Editor’s note: For more on trends in Maine’s rural places, visit here for the Maine Focus team’s ongoing series, Rural Edges.

Maine lost population unevenly over the last 15 years. Some counties hollowed out, while others grew in population.

In 2015, Aroostook County had 5,000 fewer people than in 2000. This loss was from both more people dying than being born, and more people moving away than moving in.

The change has real effects. The Aroostook Agency on Aging, for instance, has had trouble filling entry-level positions to care for elderly residents, said Steve Farnham, the agency’s executive director.

The situation is different in southern Maine. Cumberland County gained almost 24,000 people between 2000 and 2015. That’s because births outnumbered deaths, and people moving in outnumbered people moving out.

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Sometimes when people leave or die, their homes are left empty. In some places, like the area around Eustis, as few as 10 percent of homes were occupied on average between 2010 and 2014. Of course many homes are seasonal, meaning it’s important to look at the trends over time. And they are revealing. Between 2007 and 2011, 18 percent of homes in that area were occupied.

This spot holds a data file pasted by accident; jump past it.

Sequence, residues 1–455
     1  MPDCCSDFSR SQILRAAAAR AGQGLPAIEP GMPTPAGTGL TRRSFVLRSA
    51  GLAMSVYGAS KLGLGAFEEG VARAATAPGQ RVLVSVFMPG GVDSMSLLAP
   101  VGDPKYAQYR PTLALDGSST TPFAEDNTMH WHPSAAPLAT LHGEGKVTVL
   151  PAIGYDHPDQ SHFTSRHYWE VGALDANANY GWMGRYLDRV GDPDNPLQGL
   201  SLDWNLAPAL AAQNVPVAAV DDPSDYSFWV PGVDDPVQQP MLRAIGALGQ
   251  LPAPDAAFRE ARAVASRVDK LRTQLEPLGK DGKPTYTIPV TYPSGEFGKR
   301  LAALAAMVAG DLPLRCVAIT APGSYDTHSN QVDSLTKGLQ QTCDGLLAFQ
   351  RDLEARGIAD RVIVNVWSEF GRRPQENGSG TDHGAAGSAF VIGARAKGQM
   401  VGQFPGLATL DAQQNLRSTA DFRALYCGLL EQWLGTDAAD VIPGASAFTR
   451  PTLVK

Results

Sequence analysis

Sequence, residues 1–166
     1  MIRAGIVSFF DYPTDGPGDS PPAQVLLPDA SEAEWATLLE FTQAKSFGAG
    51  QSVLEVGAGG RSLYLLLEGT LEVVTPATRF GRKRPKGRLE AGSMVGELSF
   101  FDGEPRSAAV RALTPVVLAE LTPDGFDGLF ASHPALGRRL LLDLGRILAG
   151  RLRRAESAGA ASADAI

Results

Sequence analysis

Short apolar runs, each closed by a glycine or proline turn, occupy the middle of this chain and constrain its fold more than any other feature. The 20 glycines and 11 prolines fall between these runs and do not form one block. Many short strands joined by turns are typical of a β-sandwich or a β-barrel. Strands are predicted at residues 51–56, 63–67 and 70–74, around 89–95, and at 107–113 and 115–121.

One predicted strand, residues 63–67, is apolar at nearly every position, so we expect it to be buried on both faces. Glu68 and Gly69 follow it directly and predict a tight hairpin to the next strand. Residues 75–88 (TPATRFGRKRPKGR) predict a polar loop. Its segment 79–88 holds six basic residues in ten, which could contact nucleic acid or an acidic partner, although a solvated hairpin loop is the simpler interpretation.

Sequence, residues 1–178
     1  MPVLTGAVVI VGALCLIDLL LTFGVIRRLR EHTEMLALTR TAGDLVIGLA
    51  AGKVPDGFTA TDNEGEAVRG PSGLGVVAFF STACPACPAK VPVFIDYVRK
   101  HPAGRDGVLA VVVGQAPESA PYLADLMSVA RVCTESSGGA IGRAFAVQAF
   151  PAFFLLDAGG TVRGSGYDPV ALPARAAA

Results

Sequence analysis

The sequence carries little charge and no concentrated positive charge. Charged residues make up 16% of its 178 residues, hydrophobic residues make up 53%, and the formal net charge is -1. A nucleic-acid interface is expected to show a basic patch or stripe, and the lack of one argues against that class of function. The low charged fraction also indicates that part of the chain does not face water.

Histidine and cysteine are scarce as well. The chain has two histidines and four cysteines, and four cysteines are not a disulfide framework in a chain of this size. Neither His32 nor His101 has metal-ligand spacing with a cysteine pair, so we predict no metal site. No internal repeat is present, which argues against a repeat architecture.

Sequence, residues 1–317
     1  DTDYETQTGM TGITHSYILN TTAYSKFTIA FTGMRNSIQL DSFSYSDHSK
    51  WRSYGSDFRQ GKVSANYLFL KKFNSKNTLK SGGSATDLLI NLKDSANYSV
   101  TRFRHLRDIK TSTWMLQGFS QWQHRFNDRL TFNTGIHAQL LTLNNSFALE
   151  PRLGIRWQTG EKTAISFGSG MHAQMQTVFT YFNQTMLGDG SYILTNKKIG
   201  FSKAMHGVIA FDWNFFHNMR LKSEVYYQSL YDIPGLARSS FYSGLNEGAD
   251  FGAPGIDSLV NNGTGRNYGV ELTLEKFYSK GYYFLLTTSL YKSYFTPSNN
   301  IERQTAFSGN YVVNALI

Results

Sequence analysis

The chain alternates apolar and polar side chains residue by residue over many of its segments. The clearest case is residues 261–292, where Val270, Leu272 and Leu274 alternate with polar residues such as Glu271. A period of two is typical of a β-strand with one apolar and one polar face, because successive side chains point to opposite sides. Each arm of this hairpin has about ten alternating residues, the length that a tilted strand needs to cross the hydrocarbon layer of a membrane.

A place is considered unoccupied if no one lives there, or people live there for fewer than two months of the year. The five-year averaged estimates from the U.S. Census Bureau’s American Community Survey do not break out the percentage of homes that are seasonal.

Piscataquis County has the greatest percentage of vacant homes, at 57 percent. Franklin County also has more vacant than occupied homes, at 52 percent. There is a 46-point difference between Piscataquis and Androscoggin, the county with the lowest vacancy rate, at 11 percent.

The remaining counties’ vacancy rates are as follows: Hancock (48 percent), Oxford (46 percent), Somerset (43 percent), Knox (43 percent), Washington (42 percent), Lincoln (37 percent), Aroostook (33 percent), Penobscot (28 percent), Cumberland (25 percent), Waldo (23 percent), York (23 percent), Sagadahoc (20 percent) and Kennebec (19 percent).

The chart below shows occupancy rates by zip code, averaged over a five-year period. Type in your zip code to see the situation where you live.

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Erin Rhoda, Matt Stone, Danielle McLean and Rosie Hughes contributed to the data analysis. 

Maine Focus is a journalism and community engagement initiative at the Bangor Daily News. Questions? Write to mainefocus@bangordailynews.com.

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